Sexual orientation disparities in Sexually transmitted infection risk behaviors and risk determinants among sexually active adolescent males: Results from a school-based sample

Bethany G. Everett*, Phillip W. Schnarrs, Margaret Rosario, Robert Garofalo, Brian Mustanski

*Corresponding author for this work

Research output: Contribution to journalArticle

36 Scopus citations

Abstract

Objectives. We examined disparities in risk determinants and risk behaviors for sexually transmitted infections (STIs) between gay-identified, bisexualidentified, and heterosexual-identified young men who have sex with men (YMSM) and heterosexual-identified young men who have sex with women (YMSW) using a school-based sample of US sexually active adolescent males. Methods. We analyzed a pooled data set of Youth Risk Behavior Surveys from 2005 and 2007 that included information on sexual orientation identity, sexual behaviors, and multiple STI risk factors. Results. Bisexual-identified adolescents were more likely to report multiple STI risk behaviors (number of sex partners, concurrent sex partners, and age of sexual debut) compared with heterosexual YMSW as well as heterosexual YMSM and gay-identified respondents. Gay, bisexual, and heterosexual YMSM were significantly more likely to report forced sex compared with heterosexual YMSW. Conclusions. Our results provide evidence that sexual health disparities emerge early in the life course and vary by both sexual orientation identity and sexual behaviors. In particular, they show that bisexual-identified adolescent males exhibit a unique risk profile that warrants targeted sexual health interventions.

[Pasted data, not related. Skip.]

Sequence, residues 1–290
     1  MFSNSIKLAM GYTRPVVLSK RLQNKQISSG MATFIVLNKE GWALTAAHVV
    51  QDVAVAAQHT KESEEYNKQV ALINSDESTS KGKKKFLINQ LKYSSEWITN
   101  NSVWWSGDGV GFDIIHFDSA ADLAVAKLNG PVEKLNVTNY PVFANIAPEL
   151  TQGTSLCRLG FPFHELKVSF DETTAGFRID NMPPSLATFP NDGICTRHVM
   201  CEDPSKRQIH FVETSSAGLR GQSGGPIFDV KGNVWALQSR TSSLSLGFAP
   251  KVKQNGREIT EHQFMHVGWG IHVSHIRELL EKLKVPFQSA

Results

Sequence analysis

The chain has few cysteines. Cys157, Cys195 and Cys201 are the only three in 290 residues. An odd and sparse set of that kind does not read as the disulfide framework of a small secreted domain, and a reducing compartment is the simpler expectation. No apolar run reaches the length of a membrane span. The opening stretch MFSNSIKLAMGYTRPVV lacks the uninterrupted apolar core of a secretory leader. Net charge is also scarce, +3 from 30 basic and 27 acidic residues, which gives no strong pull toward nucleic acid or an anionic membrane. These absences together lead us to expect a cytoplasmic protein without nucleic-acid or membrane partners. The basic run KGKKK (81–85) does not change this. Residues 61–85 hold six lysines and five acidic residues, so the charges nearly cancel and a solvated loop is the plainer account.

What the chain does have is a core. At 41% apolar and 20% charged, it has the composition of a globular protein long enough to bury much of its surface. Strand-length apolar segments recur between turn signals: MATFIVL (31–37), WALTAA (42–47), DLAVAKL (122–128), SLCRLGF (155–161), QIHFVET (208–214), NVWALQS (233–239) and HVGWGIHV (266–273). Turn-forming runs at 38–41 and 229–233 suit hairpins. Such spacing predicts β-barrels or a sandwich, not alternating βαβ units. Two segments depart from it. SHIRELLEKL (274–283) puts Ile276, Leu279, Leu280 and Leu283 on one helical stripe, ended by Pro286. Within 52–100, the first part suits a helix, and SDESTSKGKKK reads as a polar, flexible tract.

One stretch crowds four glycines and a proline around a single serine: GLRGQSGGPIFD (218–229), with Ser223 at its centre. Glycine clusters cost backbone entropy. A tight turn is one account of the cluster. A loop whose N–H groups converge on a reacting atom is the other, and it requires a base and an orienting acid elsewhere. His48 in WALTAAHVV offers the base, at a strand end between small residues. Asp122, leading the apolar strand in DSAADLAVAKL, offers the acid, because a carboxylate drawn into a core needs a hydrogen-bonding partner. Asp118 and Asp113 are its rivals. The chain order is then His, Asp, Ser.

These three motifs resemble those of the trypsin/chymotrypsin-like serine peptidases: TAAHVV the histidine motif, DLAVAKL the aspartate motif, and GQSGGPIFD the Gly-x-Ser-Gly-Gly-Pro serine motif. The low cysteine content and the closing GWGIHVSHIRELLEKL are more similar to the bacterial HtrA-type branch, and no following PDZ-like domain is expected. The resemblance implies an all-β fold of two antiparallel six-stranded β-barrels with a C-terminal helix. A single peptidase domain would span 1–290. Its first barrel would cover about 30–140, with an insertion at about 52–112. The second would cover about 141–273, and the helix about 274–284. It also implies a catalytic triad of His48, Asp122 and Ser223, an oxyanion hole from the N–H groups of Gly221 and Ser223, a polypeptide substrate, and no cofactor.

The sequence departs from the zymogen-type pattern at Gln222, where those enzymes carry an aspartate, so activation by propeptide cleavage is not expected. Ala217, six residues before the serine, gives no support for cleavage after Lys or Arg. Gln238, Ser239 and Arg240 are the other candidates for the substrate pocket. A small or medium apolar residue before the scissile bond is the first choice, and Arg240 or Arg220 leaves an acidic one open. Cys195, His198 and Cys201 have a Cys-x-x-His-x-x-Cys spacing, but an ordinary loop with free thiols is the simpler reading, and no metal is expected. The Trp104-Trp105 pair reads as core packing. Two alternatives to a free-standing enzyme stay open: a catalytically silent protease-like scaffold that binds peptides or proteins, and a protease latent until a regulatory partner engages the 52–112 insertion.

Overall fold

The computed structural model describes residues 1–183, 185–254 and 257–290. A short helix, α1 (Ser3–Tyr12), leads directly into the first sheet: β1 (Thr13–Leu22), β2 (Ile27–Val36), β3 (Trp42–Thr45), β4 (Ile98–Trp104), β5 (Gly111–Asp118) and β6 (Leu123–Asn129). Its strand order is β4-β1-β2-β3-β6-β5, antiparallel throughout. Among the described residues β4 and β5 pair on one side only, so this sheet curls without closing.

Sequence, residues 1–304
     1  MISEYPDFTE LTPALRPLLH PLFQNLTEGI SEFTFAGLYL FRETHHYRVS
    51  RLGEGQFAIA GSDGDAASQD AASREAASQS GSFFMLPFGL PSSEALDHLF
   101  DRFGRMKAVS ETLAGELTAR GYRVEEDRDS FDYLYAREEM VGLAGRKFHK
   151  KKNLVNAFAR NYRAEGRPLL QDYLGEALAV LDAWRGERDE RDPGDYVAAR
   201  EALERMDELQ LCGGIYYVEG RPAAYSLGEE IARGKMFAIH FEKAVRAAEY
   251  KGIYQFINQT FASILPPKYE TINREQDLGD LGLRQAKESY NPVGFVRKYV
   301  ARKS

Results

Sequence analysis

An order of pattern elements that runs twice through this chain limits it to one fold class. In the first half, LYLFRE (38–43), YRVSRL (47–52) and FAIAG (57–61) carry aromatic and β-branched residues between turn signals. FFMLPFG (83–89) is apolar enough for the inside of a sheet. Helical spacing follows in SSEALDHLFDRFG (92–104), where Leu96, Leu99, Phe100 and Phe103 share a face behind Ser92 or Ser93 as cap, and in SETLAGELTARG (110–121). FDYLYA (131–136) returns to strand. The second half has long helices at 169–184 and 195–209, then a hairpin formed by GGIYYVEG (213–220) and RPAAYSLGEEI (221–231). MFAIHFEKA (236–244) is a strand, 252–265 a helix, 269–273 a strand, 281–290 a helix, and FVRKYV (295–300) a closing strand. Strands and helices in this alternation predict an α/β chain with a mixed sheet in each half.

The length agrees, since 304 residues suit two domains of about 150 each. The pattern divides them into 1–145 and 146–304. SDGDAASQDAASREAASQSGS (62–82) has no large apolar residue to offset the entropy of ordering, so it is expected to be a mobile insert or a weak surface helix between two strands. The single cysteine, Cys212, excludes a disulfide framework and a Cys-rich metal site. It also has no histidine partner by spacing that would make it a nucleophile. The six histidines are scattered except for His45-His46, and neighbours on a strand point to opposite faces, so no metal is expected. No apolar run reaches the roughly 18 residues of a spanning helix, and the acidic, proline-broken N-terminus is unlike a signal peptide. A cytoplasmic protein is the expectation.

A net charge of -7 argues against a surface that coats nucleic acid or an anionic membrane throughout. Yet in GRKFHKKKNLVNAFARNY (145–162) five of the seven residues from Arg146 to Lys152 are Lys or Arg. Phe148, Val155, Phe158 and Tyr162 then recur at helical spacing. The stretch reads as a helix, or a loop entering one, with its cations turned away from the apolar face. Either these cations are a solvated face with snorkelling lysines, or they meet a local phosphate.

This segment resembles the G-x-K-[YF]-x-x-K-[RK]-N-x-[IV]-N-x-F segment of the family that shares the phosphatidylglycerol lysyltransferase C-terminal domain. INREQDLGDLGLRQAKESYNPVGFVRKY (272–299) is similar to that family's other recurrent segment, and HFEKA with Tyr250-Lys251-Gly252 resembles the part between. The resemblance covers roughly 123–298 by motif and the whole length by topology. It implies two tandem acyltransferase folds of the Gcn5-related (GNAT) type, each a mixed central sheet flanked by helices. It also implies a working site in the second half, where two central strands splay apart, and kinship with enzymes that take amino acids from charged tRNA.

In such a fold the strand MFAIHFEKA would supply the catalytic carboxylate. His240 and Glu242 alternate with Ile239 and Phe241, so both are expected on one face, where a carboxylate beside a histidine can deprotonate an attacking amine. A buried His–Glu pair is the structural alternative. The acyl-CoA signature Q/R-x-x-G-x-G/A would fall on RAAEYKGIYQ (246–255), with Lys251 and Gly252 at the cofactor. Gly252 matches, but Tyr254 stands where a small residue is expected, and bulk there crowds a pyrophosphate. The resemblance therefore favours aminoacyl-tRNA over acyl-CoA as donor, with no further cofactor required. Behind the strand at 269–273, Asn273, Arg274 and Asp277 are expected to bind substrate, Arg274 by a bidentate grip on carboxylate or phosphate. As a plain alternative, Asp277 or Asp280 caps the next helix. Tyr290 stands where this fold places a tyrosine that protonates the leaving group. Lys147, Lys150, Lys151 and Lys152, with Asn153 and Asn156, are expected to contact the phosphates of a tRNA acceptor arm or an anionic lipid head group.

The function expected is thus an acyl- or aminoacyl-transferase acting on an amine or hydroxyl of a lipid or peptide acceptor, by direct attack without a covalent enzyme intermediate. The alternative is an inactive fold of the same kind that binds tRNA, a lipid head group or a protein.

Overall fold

Original languageEnglish (US)
Pages (from-to)1107-1112
Number of pages6
JournalAmerican journal of public health
Volume104
Issue number6
DOIs
StatePublished - Jun 2014

ASJC Scopus subject areas

  • Public Health, Environmental and Occupational Health

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